Claude Harbarger | President of St. Dominic Health Services

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by MARILYN TINNIN

If you met Claude Harbarger on a Sunday morning where he is regularly in attendance at First Presbyterian Church at 1390 North State Street in Belhaven’s prime and historic location, you might just suppose a lot of things about him. You might be wrong on most of them. With his Ward Cleaver-like demeanor, who could guess that this soft spoken and somewhat reserved gentleman and Presbyterian elder is the confident, able president of St. Dominic Health Services, one of the South’s most prestigious Catholic healthcare institutions. In that role, he oversees more than 3,000 employees, 500 physicians, and a sprawling network of special divisions.

Although Claude is the first administrator of this healthcare system who is not a Dominican Sister, there are indeed common threads that bind them together. That would be a mutual love of the Lord and a shared vision in being part of a community committed to demonstrating a deep concern for the health of the total person—body, mind, and spirit.

So, it is a tribute both to the Sisters’ genuine desire to provide for the community and the equally genuine desire of Claude Harbarger to go where God led that the two came together, and are today working together, to enhance the quality of healthcare and meet the ever-growing needs of a diverse population in the entire central Mississippi area.

CLAUDE’S JOURNEY

As the oldest of six children—five boys and one girl—Claude grew up in Huntsville, Alabama. He describes a loving Christian home with supportive parents. He enjoyed success as an athlete in high school, both in baseball and serving as the quarterback of his football team.

Karis Harbarger, who has three older brothers, grew up in Miami and was likewise fortunate to have loving parents and a deep heritage in the church.

When they met at Auburn University in the mid 1970s, both were grounded in their faith and seemed to have an unusually strong resolve about what they were looking for in a mate. Claude describes noticing Karis early on in an accounting class they shared. He was so interested, in fact, he had a mutual friend do the legwork for him and find out whether or not Karis had a boyfriend and if she was open at all to an invitation from him. The rest is, as they say, is history.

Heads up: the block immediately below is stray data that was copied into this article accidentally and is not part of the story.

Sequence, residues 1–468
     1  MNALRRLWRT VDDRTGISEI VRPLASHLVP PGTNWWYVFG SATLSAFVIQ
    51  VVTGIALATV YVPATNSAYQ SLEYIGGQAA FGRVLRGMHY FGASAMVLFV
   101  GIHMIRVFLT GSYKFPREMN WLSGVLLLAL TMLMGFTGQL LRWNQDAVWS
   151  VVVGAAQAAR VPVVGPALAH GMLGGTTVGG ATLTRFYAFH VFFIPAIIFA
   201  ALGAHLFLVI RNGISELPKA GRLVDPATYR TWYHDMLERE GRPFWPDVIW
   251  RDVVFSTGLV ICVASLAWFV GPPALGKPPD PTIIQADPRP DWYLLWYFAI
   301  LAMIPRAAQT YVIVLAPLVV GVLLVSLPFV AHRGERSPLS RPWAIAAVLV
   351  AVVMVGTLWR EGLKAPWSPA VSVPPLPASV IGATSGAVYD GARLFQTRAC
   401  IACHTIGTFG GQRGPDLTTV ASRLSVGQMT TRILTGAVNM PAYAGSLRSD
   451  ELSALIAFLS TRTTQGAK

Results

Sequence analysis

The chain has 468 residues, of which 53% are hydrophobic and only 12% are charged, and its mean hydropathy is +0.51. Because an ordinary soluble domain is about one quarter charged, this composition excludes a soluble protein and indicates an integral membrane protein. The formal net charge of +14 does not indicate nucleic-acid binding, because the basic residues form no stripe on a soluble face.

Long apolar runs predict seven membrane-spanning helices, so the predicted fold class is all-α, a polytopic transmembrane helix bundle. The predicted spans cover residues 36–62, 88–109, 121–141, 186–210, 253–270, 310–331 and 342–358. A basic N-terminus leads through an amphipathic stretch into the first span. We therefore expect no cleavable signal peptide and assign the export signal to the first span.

Claude shares that although he began his college career in Pre-med, his grades quickly indicated that perhaps he was not as strong in the sciences as he needed to be to count on being accepted to medical school. He had already logged enough hours as a nursing assistant and operating room tech to realize he truly loved everything about the hospital setting, so, he wisely began to shop around to see what other options were out there for someone like him.

He discovered the field of hospital administration. The more he researched and the more he talked with people who were familiar with this field, the more he felt like it was a genuine fit for him. He completed a degree in psychology mostly because he could finish in four years (a BIG thing to his parents who had five more children to send to college), take some business courses, and plan to go on to master in healthcare administration. The “God thing” in all of Claude’s deliberations is how valuable that Psychology training has been through the years as his every single day revolves around dealing with people. Who but God could have arranged that?

Karis was a fashion merchandising major and went to work right after college with Pizitz, a historic and prestigious department store headquartered in Birmingham. (Pizitz was part of the group acquired by McRae’s and eventually became Belk.) Whatever her ultimate career ambitions, they were definitely put on permanent hold when she married Claude. She has not, after 34 years, regretted her decision to hang up her corporate aspirations to be his complete helpmate and the chief executive operating officer of the Harbarger household.

Karis and Claude married in 1978.

Claude and Karis married in 1978, and after he completed his academic requirements at UAB, they moved to Augusta, Georgia, where Claude was assigned to complete his degree with hands-on training at Humana Hospital there in Augusta.

The newly-wed Harbargers (and Claude laughs as he says, “Karis gave up the name Karis Adams to be Karis Harbarger—she must have loved me”) moved to Augusta and set up housekeeping. One of their first endeavors was to find a church home.

Both came from strong Christian roots and they shared a common priority of finding a church that was supportive, nurturing, and one that encouraged their spiritual growth. They were completely overwhelmed with the way God answered that prayer.

They settled into First Presbyterian Church in Augusta where the class for the young marrieds was pretty much wall-to-wall in attendance every Sunday. Karis describes a format that included teaching, along with substantial “mentoring and guiding” Both agree what they gleaned in those early years in that environment made a profound and lasting impression on their lives and all the years that followed.

Just as an aside, I had to ask if they ever attended the Masters. Oh, yes. A member of their church offered them tickets—the first time—two weeks before the birth of their first child. Karis wonders if she may be the only person who ever walked the entire Masters course while she was nine months pregnant! Their son, Claude, arrived two weeks later!